T. Boone Pickens makes a lot of sense. Texas’ portion of the fine that Volkswagen will pay for cheating on emissions tests should go to medium- and heavy-duty natural gas vehicles for all the reasons Pickens stated: getting the most value out of the award, demonstrating the feasibility of cleaner alternative fuel trucks in rural areas and boosting the Texas economy.

Especially if natural gas producers capture emissions at the well head, natural-gas vehicles are the right choice now. Heavy-duty natural-gas vehicles can help bridge the coming era of market-based solutions to reduce carbon emissions. With carbon fee programs — hopefully with fair dividends to all citizens like the proposal of Citizen’s Climate Lobby and other groups — natural-gas vehicles will be cheaper and cleaner to operate when all costs are considered.

CYNTHIA LESKY, AUSTIN

Regarding the city of Austin’s new policy on sick leave: I am neutral; neither for nor against it.

But it is very ironic that Gov. Greg Abbott and Lt. Gov. Dan Patrick are so adamant against what the federal government tries to tell the state of Texas what it can or cannot do and then turn around and treat the city of Austin the very same was, trying to tell the city what to do.

LEO O. MUELLER JR., AUSTIN

As a Republican, I am concerned with the latest tactics of our lieutenant governor. As I dutifully went to early voting on the Republican ballot, there was Proposition 6: Texas should protect the privacy and safety of women and children in spaces such as bathrooms, locker rooms, and showers in all Texas schools and government buildings.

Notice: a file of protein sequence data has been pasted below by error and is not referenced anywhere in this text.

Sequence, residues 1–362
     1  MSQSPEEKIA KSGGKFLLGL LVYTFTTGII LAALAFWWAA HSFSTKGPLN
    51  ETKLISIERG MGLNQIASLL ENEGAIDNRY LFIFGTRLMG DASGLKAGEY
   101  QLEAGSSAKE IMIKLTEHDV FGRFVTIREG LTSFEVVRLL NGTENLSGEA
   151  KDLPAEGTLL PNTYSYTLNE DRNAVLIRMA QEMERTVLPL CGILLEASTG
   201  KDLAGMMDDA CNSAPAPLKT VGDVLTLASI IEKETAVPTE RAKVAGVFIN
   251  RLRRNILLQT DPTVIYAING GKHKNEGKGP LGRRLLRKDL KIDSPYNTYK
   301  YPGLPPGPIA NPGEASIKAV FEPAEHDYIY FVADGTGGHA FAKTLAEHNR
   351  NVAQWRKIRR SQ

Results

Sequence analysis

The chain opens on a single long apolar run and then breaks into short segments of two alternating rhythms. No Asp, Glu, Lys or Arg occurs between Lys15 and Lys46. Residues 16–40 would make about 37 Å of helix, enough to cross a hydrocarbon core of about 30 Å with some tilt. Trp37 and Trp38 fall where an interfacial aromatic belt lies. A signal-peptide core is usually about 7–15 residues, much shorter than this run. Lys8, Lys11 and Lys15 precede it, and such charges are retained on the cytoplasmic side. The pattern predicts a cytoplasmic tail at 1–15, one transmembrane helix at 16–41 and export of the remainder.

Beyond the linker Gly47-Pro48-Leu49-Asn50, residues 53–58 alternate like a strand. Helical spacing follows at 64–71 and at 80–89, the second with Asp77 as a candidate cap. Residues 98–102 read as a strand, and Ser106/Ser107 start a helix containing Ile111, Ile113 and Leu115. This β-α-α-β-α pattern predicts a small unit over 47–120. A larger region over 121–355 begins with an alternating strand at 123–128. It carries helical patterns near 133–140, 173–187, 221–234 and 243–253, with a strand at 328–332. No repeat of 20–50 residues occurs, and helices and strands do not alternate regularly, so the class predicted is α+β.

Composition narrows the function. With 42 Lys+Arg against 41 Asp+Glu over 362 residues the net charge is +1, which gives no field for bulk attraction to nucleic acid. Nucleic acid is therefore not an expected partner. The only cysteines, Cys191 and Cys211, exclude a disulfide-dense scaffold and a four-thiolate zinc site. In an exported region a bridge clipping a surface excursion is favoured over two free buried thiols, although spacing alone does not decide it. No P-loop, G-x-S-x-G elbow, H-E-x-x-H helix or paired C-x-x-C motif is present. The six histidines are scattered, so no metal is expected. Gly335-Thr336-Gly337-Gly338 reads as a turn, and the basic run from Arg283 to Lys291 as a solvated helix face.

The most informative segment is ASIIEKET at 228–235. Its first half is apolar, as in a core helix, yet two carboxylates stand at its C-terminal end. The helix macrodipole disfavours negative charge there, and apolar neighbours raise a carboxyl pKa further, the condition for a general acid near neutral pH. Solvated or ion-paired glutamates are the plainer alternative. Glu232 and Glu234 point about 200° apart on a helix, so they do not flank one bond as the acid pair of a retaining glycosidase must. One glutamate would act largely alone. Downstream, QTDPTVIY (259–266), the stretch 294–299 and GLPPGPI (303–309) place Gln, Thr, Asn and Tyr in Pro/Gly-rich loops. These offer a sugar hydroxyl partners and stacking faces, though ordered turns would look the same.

Who would vote “no” to such a proposition unless you know the ulterior motive is to attempt to pass the bathroom bill that failed in the Legislature last year. The reason it failed was:

• There is and never has been a safety issue in public bathrooms due to gay or transgender people using their bathroom of choice. Not one incident.

• We have been advised by major corporations and various national sporting events they would not come to Texas if the bill becomes law.

HENRY FELDMAN, CEO MARTIN FELDMAN HOSPITALITY, SAN ANTONIO

The #MeToo movement is a wonderful vindication for women who’ve been sexually abused provided the accusations are accurate and not used for political purposes. Without codifying what constitutes sexual harassment, we as a society are in danger of becoming paranoid over every little glance and touch.

On Feb. 1, Richard Buckley, maestro at Austin Opera, was hastily fired without specifics in what smacked of a political power play. Several women came forward claiming Buckley had given them unwelcome shoulder rubs or long, although public, hugs. Does what was meant as a humorous remark or an affectionate gesture warrant firing someone? Aren’t there better ways to deal with such a situation — for instance, communication between all parties? Without becoming clear on the truly dangerous, ugly and sordid acts that constitute abuse, we run the risk of entering scary, Kafkaesque times.

NICOLE JEFFORDS, AUSTIN